MYOB chief executive Greg Ellis said the return date was more likely to be mid to late February and staff would start with one day a week in MYOB’s Richmond office, with employees unlikely to ever return five days a week.

“From a business point of view, we’re coping fine with working remotely, but we as a company said to our staff that we really believe in collaboration and we really believe in human contact,” he said. “A lot of our staff really want that face-to-face interaction again.”

Professor Catherine Bennett, chair of epidemiology at Deakin University.Credit:Jason South

Epidemiologists Professor Catherine Bennett and Associate Professor James Trauer both said a delayed return to the office was preferable.

“If it’s feasible to hold off for a month or three weeks, then I think we’re in a much better position to see what’s happening with the case numbers,” Professor Bennett said. “Then you can have the plan built around where we’re going rather than having a bit of uncertainty coming up over the next few weeks as we change things around.”

Associate Professor Trauer said a February return was “a bit too early”.

“The sequence that I’d like to see is schools going back and then workplaces a good couple of weeks after that,” he said.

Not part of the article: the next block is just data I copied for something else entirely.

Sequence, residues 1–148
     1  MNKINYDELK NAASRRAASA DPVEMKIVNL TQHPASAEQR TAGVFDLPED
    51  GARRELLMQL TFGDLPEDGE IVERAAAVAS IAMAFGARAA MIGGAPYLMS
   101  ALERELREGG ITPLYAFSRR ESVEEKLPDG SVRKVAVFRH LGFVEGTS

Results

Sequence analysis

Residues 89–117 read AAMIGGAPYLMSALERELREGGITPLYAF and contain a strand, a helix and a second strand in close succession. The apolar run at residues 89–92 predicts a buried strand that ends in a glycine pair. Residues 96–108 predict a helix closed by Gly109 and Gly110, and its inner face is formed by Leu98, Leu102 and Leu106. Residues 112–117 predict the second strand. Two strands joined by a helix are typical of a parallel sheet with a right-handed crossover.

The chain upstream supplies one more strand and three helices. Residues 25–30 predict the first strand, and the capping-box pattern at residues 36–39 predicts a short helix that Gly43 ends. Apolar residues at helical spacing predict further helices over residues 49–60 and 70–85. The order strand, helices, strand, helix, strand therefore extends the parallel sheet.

In the meantime, workplaces are having to balance the demands of staff eager to get back in the office and those who are reluctant to return.

Collingwood-based start-up Linktree has always operated a hybrid workplace model with “zero obligations” for employees to come into the office, but founder Alex Zaccaria said some employees were happy to continue to work from home while others could not wait to return.

Linktree employee Jess Box said she wanted to get back into the workplace as soon as the government recommendation changes.

“I’ve adjusted [to working from home] but I think what I enjoy about being in a physical office is actually the commute and the kind of mental reset you get from commuting into the office, whether it’s listening to a podcast or having a conversation,” she said. “I think that was the transition that was probably the most challenging in terms of mental health.”